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The Unspoken Downside of Building to Sell

When you’re building to sell, being a solo founder comes with incredible rewards. You get to hold on to all the equity—why give it away to co-founders or sell it for peanuts to early-stage investors? With 100% ownership, the whole pie is yours. 

But so is all the stress. So are all the big decisions. Entrepreneurship can be a lonely ride, and that loneliness is all too often left unspoken. 

This week’s Built to Sell Radio guest, Amman Ahmed, opened up about the loneliness factor. In 2017, he launched a company called MusicForPets to help dogs and cats alleviate anxiety—like when fireworks explode on holidays or their owners are away. By posting original music each week, Ahmed grew his YouTube channels Relax My Dog and Relax My Cat to 1.5 million hours of streaming every 28 days. That’s 1,700 years of content consumed each month. Thanks to this popularity, Ahmed grew the business to a 7-figure profit.  

But as 100% owner of the business, the weight of his responsibilities led to loneliness, and this was one of the reasons Ahmed decided to sell. When California-based hip hop label Create Music Group came knocking with an offer that exceeded the number in his head, he couldn’t say no. Listen to this week’s episode for details behind the negotiation, and learn how he was able to build so much value into his business. 

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Ahmed is part of a larger team now and has solved the loneliness problem for himself. What about you? Do you ever feel the weight of building a business alone?  

Even if you have a co-founder or an executive team, it can still be lonely at the top. There are many things you take on solo as an owner of your business, and they may impact you more than you realize.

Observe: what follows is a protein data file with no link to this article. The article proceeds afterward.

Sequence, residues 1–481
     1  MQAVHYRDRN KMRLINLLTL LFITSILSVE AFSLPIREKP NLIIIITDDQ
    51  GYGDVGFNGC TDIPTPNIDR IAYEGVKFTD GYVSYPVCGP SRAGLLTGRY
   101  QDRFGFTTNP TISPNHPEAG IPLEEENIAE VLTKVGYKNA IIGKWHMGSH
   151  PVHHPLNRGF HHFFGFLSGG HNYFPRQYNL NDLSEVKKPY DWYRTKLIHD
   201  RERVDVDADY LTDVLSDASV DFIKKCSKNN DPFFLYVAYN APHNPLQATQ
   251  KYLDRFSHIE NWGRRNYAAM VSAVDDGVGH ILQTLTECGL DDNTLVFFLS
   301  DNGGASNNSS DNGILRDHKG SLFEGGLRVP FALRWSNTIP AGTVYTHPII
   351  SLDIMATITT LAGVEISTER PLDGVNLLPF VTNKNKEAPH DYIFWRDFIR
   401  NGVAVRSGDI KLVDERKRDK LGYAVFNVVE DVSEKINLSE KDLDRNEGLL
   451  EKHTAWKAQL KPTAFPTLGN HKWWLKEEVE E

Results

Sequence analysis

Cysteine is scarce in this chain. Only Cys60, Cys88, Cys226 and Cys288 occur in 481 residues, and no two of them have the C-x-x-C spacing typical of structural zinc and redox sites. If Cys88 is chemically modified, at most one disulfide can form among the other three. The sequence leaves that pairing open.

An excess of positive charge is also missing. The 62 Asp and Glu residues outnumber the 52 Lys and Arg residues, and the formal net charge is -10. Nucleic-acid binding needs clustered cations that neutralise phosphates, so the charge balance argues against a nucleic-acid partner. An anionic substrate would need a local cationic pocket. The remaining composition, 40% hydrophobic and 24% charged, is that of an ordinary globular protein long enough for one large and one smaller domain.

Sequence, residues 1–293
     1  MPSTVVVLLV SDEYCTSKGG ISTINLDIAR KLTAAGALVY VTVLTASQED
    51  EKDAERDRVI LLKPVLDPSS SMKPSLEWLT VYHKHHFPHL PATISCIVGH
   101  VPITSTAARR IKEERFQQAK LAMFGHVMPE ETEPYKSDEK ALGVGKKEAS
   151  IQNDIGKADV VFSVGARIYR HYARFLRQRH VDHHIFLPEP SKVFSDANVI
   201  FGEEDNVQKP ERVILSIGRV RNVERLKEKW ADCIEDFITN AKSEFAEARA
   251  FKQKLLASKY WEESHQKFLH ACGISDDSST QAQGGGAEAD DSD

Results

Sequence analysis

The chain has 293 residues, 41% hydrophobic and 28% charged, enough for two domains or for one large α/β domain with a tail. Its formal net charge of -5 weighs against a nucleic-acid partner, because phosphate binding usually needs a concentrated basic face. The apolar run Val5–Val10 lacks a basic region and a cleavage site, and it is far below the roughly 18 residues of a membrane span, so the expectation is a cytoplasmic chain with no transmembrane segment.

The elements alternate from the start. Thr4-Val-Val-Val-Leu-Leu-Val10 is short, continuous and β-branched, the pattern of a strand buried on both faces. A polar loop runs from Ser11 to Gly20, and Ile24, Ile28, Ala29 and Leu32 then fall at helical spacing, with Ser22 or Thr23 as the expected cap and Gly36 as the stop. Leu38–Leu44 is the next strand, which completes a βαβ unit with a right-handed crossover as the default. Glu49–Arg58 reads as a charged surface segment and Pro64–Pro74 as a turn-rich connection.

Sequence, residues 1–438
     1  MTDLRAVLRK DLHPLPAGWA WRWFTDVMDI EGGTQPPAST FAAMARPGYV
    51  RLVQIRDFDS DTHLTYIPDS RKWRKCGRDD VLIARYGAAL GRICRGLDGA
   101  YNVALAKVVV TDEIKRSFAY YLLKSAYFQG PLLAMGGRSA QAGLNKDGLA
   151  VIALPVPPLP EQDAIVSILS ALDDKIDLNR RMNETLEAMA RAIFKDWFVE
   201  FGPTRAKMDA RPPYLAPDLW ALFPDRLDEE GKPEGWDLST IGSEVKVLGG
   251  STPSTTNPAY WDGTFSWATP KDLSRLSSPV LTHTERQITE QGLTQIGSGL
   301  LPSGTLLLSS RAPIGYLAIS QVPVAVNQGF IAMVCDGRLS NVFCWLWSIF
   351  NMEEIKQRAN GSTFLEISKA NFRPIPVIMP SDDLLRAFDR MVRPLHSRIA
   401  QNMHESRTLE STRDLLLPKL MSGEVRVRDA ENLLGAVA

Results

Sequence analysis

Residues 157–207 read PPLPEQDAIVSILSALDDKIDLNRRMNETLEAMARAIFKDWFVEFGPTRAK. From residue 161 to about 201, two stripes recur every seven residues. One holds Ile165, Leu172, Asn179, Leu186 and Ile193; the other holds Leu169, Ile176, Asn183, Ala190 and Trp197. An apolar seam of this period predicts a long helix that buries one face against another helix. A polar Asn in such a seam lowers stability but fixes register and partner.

Here are 7 tested methods to conquer the loneliness of entrepreneurship: 

  1. Find your go-to technical experts: As a solo founder, you’re used to having to figure out all the hard stuff on your own. But guess what? You don’t need to learn the ins and outs of taxes, for example. Find a tax expert who will do that for you. Find an accountant, a lawyer, an SEO consultant, and take those essential-but-doesn’t-have-to-be-you roles off your plate. 
  2. Find a Mastermind: Surround yourself with other founders. Learn from their experiences, gain fresh perspectives on your own challenges, and hold yourself accountable to other high-performers who won’t let you off the hook. Choose an industry-agnostic group to learn from disciplines outside your own, or an industry-specific group so you can connect with experts in your field who know exactly what you’re going through. 
  3. Find a mentor: If you could spend an hour in a room with a titan in your industry, who would it be? More humbly, who has accomplished something you aspire to? These may be good mentor candidates. When you narrow down the list, be strategic in your reach out. Make it clear why they are on your radar. People are often willing to pay it forward, passing along hard-earned wisdom they wish they’d had when they started. 
  4. Find a coach: Different than a mentor, a coach won’t tell you what they’ve done. Instead, they’ll ask questions to help you find answers within yourself. Like a sports coach, they’ll pump you up and help you develop strategic plays—but you’re the one in the arena. Done well, business coaching can help you locate your blind spots and expand your perspective. 
  5. Surround yourself with other people: Not everyone you cross paths with needs to be an expert or a fellow entrepreneur. Sometimes, you just need humans. Periodically work from a coffee shop to soak up the hum of human activity; book a desk in a coworking space; enjoy a daily walk in a well-loved park.